Ford Motor Co. will announce significant revisions to the fuel economy rating of its C-Max Hybrid later today, an estimated 10% reduction reflecting the gap between what has been posted on the “people-mover’s” window sticker and what most buyers are getting in real-world use.
Ford has been taking some hits for the fuel economy ratings of several vehicles, especially hybrid models, and now faces several lawsuits from disgruntled owners. But it is far from alone. A number of makers have been criticized – and occasionally sued – for what critics have called unrealistic and overly optimistic ratings.
Manufacturers like Ford, in turn, have pointed the finger back at the Environmental Protection Administration, the federal agency overseeing mileage testing and approved mpg ratings. The EPA is expected to follow Ford’s lead by announcing on Friday that it will revise the way it determines fuel economy for vehicles – particularly hybrids, which frequently deliver lower real-world numbers than motorists were led to expect.
The EPA said last December it was looking into the 47 mpg ratings for Ford’s C-Max and Fusion hybrid models. The maker is expected to reduce the combined city/highway number to 43 mpg. In fact, the law permits a manufacturer to post numbers lower than the EPA test results generate if it expects to see lower fuel economy on the street.
Ford last month announced plans to update the software of about 77,000 of its various hybrid models – also including the new Lincoln MKZ model – to improve real-world fuel efficiency. The programming changes take steps such as increasing to 85 mph the speed at which the hybrids can operate in electric-only mode, up from the current 62. And the active-grille shutters that are used to improve aerodynamics will now stay closed more often while driving.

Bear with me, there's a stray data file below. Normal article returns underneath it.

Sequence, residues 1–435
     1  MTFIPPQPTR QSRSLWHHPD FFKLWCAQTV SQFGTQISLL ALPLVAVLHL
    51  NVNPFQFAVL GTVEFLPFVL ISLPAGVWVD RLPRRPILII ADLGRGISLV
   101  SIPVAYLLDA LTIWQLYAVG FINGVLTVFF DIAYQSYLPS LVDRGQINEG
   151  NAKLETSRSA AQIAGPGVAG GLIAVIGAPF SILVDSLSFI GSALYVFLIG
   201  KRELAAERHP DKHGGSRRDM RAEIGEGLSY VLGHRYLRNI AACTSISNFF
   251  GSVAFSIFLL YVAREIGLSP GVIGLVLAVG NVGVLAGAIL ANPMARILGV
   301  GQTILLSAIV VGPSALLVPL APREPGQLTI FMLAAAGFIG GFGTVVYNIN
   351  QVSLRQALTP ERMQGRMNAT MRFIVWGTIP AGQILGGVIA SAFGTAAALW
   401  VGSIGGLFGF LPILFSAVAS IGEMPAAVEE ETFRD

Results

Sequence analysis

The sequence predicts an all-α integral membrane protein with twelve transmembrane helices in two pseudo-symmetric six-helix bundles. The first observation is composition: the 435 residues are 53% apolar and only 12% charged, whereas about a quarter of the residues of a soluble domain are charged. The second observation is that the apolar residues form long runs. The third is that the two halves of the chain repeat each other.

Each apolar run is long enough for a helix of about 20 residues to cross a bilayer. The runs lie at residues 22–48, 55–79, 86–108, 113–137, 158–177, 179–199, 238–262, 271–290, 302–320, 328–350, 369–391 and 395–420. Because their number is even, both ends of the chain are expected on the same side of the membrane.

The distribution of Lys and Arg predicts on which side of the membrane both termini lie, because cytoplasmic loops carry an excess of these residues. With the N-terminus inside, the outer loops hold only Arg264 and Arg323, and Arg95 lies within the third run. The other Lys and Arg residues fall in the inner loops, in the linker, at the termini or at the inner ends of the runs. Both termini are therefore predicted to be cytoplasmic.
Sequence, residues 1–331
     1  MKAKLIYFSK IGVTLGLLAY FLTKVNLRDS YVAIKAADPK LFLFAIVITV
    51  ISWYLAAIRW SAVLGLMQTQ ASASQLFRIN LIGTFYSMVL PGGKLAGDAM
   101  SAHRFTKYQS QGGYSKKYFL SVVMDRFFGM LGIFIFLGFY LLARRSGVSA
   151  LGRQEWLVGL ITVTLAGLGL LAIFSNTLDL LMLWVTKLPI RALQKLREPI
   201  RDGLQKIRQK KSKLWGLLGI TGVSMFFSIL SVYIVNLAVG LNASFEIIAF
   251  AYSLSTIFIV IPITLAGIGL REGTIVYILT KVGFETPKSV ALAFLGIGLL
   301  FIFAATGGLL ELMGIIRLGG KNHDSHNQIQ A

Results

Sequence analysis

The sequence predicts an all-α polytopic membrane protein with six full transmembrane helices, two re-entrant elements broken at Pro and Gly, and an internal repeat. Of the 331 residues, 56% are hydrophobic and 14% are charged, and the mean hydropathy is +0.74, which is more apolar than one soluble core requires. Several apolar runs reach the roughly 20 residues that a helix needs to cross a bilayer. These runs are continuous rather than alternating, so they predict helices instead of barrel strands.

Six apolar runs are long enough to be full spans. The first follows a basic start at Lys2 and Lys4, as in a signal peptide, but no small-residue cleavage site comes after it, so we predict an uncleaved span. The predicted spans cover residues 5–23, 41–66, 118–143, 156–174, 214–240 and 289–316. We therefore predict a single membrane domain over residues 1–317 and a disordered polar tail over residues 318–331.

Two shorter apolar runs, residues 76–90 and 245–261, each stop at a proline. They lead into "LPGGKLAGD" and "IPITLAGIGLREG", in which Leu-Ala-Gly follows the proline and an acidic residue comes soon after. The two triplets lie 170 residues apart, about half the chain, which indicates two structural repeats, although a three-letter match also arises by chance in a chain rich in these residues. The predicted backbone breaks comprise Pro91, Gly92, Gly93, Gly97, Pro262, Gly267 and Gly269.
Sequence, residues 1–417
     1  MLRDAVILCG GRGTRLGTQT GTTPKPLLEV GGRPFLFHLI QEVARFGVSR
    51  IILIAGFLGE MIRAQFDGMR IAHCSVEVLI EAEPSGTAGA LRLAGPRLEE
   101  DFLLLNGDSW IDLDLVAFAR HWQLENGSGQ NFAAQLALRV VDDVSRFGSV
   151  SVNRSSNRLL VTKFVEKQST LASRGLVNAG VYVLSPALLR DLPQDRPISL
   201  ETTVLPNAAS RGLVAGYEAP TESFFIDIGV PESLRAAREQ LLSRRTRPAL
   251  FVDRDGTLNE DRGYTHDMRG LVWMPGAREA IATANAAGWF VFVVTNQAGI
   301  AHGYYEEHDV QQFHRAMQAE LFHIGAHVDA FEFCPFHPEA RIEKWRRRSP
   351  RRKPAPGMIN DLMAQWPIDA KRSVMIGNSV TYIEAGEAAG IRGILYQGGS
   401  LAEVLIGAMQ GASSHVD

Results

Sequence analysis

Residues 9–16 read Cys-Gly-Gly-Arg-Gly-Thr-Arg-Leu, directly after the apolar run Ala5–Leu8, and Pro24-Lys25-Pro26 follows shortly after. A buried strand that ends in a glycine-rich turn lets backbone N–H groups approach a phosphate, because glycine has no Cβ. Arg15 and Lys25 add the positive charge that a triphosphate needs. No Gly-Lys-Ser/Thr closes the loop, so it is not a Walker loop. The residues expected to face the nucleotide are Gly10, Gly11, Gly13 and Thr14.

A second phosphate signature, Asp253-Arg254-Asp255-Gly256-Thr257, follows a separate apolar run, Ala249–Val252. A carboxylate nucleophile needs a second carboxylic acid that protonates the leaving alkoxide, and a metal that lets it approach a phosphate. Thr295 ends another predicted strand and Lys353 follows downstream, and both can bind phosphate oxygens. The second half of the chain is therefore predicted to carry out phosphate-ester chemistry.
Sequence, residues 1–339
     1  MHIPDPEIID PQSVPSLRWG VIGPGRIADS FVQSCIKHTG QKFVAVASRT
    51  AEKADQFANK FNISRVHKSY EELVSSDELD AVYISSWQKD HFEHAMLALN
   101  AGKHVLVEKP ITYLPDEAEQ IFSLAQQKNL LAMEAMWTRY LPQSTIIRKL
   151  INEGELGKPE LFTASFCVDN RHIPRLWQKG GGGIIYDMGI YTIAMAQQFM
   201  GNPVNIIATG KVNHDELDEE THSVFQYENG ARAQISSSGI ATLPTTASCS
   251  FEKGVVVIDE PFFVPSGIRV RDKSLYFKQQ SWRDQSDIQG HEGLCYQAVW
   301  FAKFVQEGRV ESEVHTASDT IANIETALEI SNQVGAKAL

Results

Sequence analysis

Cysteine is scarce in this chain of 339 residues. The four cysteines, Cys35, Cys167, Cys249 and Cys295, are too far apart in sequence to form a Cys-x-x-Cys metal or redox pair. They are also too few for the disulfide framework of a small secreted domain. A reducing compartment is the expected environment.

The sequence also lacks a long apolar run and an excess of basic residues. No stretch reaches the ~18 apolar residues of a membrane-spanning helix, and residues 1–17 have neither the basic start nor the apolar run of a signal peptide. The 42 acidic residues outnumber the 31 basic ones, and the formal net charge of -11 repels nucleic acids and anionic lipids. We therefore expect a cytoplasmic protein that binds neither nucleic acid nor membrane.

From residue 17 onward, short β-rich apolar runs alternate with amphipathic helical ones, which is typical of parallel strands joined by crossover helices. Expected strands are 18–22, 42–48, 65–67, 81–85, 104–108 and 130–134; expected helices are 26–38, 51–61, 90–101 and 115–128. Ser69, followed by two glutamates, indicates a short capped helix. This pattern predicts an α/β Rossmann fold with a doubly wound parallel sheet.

Because of the way fuel economy is calculated, there is always a degree of uncertainty about what a vehicle will get when driven by the typical consumer. And that “variability” increases by the virtue of basic math and the higher the mileage rating of a vehicle. On a 25-mpg vehicle, a 10% variability would mean 2.5 mpg while on a 47-mpg model that would jump to nearly 5 miles per gallon.
“The sensitivity is higher for vehicles rated to deliver especially high mileage,” notably hybrids, explains Greg Schroeder, a senior research engineer at the Center for Automotive Research, or CAR, in Ann Arbor, Mich.
(Click Here to read about Ford’s fix for improving hybrid mileage.)
That shortfall with Ford hybrids has nonetheless prompted several lawsuits, including one filed in May by Massachusetts Ford C-Max owner, Marianne Cibeu, who alleges she was getting only 32 mpg. “Plaintiffs purchased a Fusion Hybrid or C-Max Hybrid, only to be stuck with under-performing, less valuable vehicles that inflict higher fuel costs on their owners,” the lawsuit alleged.
Meanwhile, two California law firms have consolidated their own legal actions accusing Ford of making “false and misleading” mileage claims.
(Ford wants a new way to measure mileage. For more, Click Here.)
Ford is by no means alone. Early last year, Honda landed in hot water when a small claims judge in Southern California sided with a frustrated owner who wanted the Japanese maker to reimburse her for added fuel costs on her Civic Hybrid and the likely lower trade-in value. She initially won her case, though Honda eventually got the small claims court verdict reversed, but it went on to settle a separate class action suit over lower-than-expected mileage.
The EPA has repeatedly tried to adjust its testing procedures to cope with the mileage problem, most recently in 2008. The agency will announce specific plans on Friday to try to make its test results better reflect what consumers should expect.